During trial in February 1990, the respondent offered into evidence an itemized statement of his services totaling $12,696. The trial court awarded the home to the client and ordered her husband to pay a total of $3,500 toward her attorney fees, stating:
That in making the award of $3,000.00 in attorney’s fees,
the Court has taken into consideration the overall assets
of the marriage and has also taken into consideration
problems that have existed with respect to this matter
which were caused by the (client). The Court believes that
given the issues in this case and the net assets involved in
this case that attorney’s fees should not have exceeded the
sum of $3,500.00, and the award of $3,000.00 coupled
with a preliminary award of $500.00 which has been paid,
the Court feels that any fees over and above this amount
should be paid by the (client).

    At the respondent’s request, the client on March 12, 1990, executed a promissory note in favor of, and prepared by, the respondent in the sum of $9,196.00. That figure represented the balance of her attorney fees after the former husband’s payment of $3,500. The note provided for interest at 12 percent annually, attorney fees and costs of collection. It also provided that all sums were due without relief from valuation and appraisement laws.
    The respondent also requested the client execute an Assignment of Installment Contract for the Sale of Real Estate in his favor. The assignment provided that the client “assigns all her right, Title and interest in the (marital residence) as security for a certain promissory note entered into on the 12th day of March, 1990.” At that time, using the home’s appraised value, the client had about $17,000 of equity in the home. See footnote The respondent did not advise the client to seek the advice of independent counsel with respect to the transfer. He also did not disclose to the client the terms of the note and assignment transaction or obtain the client’s written consent to those terms.
    On April 25, 1990, the respondent obtained the client’s signature on a quitclaim deed he had prepared transferring all of her interest in the marital home to him. Again, the respondent did not advise the client to consult independent counsel, failed to disclose the terms of the transaction to her in writing, and failed to obtain the client’s written consent. Six months later, the respondent sold the property to a third party for $25,000 and did not return any portion of that amount to the client.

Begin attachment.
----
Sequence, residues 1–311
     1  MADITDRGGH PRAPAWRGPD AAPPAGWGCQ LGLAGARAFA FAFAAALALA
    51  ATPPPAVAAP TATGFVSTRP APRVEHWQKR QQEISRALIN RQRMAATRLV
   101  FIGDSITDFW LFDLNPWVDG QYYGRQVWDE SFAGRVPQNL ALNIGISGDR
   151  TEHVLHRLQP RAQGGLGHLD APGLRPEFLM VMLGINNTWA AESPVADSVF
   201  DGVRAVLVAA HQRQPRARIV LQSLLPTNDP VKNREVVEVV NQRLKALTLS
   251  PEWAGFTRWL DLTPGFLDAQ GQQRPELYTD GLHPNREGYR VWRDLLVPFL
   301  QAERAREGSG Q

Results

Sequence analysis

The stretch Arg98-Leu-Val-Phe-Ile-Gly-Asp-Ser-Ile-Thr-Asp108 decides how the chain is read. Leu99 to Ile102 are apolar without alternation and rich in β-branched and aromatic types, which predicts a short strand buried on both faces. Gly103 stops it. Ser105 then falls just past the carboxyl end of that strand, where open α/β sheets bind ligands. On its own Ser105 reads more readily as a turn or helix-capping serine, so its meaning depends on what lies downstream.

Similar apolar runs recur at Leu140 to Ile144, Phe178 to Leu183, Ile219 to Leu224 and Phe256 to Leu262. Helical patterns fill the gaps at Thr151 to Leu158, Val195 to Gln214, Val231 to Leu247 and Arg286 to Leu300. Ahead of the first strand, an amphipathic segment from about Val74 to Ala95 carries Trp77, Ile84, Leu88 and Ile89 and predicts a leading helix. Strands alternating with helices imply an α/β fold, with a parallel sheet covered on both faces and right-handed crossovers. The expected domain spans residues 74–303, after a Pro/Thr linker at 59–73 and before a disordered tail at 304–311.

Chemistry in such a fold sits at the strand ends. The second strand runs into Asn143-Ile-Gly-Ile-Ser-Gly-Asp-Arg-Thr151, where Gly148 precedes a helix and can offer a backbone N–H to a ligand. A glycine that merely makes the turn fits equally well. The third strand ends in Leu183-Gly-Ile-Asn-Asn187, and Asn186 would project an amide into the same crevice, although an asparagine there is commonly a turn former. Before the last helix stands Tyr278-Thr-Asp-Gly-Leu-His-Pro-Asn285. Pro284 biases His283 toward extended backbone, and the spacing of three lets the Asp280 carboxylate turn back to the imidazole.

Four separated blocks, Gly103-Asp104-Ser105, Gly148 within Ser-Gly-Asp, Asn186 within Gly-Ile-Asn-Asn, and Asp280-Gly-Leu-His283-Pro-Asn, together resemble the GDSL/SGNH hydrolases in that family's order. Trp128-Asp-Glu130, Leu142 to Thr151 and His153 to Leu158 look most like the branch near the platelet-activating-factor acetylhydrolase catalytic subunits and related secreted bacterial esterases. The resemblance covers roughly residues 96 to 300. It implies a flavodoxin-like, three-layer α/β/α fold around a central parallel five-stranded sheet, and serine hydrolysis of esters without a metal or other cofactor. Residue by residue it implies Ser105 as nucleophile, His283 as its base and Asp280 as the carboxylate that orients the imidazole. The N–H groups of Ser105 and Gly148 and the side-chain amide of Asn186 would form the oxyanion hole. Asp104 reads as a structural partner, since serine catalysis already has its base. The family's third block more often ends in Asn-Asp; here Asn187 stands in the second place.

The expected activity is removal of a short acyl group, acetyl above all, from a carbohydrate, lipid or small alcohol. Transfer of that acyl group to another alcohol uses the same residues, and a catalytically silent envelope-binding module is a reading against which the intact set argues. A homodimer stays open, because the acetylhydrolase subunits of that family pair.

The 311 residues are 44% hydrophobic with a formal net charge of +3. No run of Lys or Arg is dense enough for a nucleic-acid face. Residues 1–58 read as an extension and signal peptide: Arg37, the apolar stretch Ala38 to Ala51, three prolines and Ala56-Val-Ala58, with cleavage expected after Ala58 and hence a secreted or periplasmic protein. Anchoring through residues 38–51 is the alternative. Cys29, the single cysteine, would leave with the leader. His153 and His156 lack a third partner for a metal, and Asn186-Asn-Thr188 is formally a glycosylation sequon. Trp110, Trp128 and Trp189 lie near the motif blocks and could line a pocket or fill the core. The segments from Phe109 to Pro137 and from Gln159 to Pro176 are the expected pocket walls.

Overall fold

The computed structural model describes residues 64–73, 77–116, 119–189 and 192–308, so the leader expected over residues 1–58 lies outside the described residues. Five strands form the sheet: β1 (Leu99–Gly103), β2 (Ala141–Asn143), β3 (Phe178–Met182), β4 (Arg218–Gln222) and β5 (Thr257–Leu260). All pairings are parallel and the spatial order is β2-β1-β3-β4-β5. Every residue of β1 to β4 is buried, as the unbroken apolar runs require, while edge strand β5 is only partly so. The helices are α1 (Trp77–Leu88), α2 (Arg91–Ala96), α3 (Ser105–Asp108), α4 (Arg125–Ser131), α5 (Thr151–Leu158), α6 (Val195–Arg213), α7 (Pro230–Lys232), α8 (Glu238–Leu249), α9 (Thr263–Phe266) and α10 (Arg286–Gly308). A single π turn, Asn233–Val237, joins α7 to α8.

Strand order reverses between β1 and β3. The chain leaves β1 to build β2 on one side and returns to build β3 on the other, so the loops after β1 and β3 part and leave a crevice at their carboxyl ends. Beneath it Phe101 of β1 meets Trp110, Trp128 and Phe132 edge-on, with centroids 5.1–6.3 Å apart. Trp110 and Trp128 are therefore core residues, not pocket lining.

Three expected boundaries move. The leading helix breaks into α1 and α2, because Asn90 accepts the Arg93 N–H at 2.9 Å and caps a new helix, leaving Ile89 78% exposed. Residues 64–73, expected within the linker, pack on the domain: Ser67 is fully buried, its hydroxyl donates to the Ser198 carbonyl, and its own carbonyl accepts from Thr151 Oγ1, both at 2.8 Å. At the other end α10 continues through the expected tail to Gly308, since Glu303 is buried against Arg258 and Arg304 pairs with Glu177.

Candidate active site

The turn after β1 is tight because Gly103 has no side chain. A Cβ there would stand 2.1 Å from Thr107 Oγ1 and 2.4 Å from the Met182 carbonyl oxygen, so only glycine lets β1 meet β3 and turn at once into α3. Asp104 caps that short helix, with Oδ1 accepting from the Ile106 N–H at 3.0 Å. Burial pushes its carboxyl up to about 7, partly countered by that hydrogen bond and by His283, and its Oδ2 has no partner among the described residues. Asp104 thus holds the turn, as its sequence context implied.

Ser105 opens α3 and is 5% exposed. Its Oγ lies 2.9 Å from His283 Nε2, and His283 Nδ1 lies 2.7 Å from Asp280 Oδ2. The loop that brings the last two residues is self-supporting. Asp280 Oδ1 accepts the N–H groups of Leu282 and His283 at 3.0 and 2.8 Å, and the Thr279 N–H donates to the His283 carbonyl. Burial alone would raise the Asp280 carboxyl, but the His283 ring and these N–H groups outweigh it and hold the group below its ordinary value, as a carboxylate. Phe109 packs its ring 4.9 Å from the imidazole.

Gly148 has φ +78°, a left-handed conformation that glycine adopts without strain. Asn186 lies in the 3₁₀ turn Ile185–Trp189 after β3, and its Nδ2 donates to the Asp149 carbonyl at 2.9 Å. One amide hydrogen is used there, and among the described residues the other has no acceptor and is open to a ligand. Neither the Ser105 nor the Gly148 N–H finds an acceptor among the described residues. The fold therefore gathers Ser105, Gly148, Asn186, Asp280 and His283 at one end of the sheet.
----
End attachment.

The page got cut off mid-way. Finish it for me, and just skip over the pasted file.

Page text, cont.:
In his Petitions for Review, the respondent argues that his failure to provide interim billing to the client was not misconduct. He testified that the client and he regularly discussed the escalating fees and that he was not obligated to provide interim billing, in part because the client had no means to pay the bill. While interim billing may not per se be required during every representation, the respondent’s failure to do so in this case amounted to a lack of adequate communication with his client, as required by the Rules of Professional Conduct, given the amount by which the respondent’s actual fees exceeded his initial projections, the client’s expectation that she would not have any out-of-pocket legal expenses, and the presence of only two significant assets in the marital estate, neither of which was liquid. Failure to keep a client apprised of escalating fees may constitute a violation of Prof.Cond.R. 1.4. See, e.g., Matter of Grimm, 674 N.E.2d 551 (Ind. 1996) (attorney violated Prof.Cond.R. 1.4(a) when he represented that attorney fees were taken care of after the first invoice but submitted a substantial bill for legal services at conclusion of representation). The client’s inability to pay the fees was a reason to provide interim billing, not a justification for avoiding them; the importance of limiting her legal fees and the likelihood that the cost of attorney services would impact strategic decisions regarding the representation would have increased as the attorney bills mounted. Accordingly, we find that the respondent violated Ind.Professional Conduct Rule 1.4(a) by failing to provide notice or information to the client of her escalating legal bills. See footnote As a consequence of that omission, the respondent failed to keep the client adequately informed about the status of her case to the extent reasonably necessary to permit her to make informed decisions regarding the representation, in violation of Prof.Cond.R. 1.4(b).See footnote